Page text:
STAPHYLOCOCCUS AUREUS BACTEREMIA AMONG CHILDREN IN NORTHERN ISRAEL
ESPID Education. Kassis I. 06/07/11; 7677
Dr. Imad Kassis
Dr. Imad Kassis

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Abstract
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Background and Aims: The epidemiology of pediatric staphylococcal bacteremia (PSAB), particularly community-acquired (CA), has not been extensively studied. The epidemiology of PSAB in our region has not been described. This study was designed to evaluate the incidence and characteristics of PSAB in northern Israel.
Methods: A retrospective review, (January 2002- December 2005), in 7 medical centers serving the entire population of hospitalized children of northern Israel.
Results: The annual incidence of PSAB during the study period was 4.7 and 2.1/100,000, overall, and for CA- PSAB, respectively. 47/106 (44.3%) episodes were CA- PSAB (mean age 73 months); all CA isolates were methicillin-susceptible. 71% were male. 59 (55.7%) were hospital-acquired (HA), median age 15 months, mean 49 months, 8 (14%) had MRSA. Predispositions for HA-PSAB included intravascular catheter 31 (52.5%); neonates, 16 (27%); immune suppression 12 (11.3 %). Primary diagnoses among those with CA-PSAB included osteoarticular infection (26, 55.5%), skin infection (4, 8.5%), primary bacteremia (5, 10.6%), pneumonia (4, 8.5%), endocarditis (2, 4.3%), and isolated cases of pyelonephritis, necrotizing fasciitis, lymphadenitis, otitis, paronychia, intra-abdominal abscess. In 5 (4.6%) there was a history of staphylococcal infection in a family member. Average duration of total antibiotic treatment was 24.6 days. There were no deaths directly related to staphylococcal bacteremia in the study group.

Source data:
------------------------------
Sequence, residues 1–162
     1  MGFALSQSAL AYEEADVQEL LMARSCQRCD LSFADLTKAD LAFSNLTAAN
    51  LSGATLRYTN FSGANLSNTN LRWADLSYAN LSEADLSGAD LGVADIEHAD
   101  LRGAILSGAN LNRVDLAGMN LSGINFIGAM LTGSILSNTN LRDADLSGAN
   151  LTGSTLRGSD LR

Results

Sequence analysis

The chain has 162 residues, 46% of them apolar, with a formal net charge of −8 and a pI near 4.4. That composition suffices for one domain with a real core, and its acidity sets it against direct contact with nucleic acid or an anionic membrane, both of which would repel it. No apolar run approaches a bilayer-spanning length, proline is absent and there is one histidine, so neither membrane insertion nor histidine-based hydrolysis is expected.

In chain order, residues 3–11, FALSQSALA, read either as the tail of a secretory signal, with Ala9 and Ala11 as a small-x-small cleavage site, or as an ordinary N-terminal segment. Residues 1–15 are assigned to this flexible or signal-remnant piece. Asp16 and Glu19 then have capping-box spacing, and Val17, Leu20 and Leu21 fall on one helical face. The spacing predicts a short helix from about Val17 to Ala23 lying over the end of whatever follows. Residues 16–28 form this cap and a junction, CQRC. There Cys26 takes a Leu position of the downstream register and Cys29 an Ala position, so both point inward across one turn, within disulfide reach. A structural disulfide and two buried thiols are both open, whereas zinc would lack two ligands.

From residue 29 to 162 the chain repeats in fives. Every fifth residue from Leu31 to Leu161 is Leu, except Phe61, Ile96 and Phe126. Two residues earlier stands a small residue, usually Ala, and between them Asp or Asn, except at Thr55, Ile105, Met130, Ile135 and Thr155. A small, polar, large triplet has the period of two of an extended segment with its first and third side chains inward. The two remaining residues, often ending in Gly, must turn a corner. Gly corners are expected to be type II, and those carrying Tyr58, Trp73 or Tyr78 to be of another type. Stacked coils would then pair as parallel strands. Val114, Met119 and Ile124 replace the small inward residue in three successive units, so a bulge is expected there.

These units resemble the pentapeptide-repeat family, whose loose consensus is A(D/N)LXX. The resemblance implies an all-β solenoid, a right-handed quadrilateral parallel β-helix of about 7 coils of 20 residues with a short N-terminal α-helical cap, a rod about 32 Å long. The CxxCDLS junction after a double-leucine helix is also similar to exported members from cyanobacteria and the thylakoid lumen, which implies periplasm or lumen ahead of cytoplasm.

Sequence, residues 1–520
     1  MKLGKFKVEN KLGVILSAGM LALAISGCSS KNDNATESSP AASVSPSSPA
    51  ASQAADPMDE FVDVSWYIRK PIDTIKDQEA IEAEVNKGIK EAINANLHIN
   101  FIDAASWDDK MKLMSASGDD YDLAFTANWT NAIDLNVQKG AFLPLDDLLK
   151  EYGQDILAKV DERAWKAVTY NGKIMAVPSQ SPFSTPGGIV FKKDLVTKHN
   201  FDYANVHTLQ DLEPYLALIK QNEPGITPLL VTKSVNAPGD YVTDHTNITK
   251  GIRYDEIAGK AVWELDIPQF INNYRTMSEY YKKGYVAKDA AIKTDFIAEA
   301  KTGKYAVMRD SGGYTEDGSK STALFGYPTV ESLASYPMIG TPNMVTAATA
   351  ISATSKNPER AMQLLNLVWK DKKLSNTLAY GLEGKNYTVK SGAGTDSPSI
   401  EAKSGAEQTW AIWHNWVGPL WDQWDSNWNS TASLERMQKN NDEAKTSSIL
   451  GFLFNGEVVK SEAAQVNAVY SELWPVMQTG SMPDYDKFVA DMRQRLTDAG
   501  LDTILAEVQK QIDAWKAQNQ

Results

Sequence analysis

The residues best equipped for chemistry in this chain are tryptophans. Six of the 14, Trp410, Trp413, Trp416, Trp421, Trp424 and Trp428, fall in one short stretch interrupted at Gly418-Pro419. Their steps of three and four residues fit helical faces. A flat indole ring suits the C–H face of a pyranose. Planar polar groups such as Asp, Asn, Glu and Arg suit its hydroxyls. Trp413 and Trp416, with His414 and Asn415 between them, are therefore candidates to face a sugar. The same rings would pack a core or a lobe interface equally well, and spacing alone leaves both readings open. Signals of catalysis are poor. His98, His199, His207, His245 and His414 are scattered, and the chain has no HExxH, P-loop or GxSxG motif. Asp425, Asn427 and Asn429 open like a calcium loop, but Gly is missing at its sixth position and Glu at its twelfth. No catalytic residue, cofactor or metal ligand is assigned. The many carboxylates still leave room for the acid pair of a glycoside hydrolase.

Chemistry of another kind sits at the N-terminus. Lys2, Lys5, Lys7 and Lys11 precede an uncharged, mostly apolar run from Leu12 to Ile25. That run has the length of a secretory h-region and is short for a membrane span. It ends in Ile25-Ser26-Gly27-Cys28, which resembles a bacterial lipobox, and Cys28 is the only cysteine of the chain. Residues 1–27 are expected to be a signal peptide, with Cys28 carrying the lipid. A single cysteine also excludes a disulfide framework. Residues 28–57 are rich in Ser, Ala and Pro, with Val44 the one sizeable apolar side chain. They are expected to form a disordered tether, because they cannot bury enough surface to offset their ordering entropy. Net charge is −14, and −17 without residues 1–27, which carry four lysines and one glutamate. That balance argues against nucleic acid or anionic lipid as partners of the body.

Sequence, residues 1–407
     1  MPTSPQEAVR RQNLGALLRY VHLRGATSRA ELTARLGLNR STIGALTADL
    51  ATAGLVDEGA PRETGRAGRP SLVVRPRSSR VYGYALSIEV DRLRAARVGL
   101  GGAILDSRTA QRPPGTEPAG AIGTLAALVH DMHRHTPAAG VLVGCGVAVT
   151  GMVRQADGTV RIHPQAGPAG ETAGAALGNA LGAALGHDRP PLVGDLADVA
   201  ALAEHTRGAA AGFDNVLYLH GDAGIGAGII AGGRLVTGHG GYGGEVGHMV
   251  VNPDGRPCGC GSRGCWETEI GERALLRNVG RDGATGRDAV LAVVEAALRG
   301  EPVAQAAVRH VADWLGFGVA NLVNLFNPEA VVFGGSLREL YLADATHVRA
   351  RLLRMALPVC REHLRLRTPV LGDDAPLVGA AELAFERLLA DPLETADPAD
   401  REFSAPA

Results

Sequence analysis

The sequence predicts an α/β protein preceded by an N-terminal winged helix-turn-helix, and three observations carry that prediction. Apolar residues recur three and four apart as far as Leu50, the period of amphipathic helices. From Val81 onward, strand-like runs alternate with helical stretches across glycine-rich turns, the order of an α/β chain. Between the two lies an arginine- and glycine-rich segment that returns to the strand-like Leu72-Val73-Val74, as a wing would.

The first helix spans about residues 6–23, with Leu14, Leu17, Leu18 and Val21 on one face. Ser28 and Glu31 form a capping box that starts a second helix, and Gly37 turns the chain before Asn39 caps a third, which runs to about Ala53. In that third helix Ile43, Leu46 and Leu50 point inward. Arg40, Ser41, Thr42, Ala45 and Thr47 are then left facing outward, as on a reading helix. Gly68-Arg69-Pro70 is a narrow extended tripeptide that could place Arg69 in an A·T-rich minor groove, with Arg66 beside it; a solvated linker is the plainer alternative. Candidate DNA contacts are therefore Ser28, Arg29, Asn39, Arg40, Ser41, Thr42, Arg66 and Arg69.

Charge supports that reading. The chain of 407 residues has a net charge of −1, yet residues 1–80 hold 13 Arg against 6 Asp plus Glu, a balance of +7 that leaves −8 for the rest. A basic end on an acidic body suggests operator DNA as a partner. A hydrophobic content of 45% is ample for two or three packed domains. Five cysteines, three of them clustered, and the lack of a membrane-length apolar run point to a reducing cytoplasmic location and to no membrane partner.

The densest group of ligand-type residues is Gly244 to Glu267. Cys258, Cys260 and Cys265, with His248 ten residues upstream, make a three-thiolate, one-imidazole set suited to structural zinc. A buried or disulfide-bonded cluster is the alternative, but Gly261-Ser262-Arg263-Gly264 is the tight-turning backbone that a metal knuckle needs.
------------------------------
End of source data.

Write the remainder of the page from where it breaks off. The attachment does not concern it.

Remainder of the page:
Conclusions: CA-PSAB occurs rarely and is associated with bone, joint and skin disease. CA-MRSA was not isolated during the study period. Groups at risk for HA-PSAB included mainly neonates especially post complicated delivery, immune suppressed patients, and those with intravascular lines.
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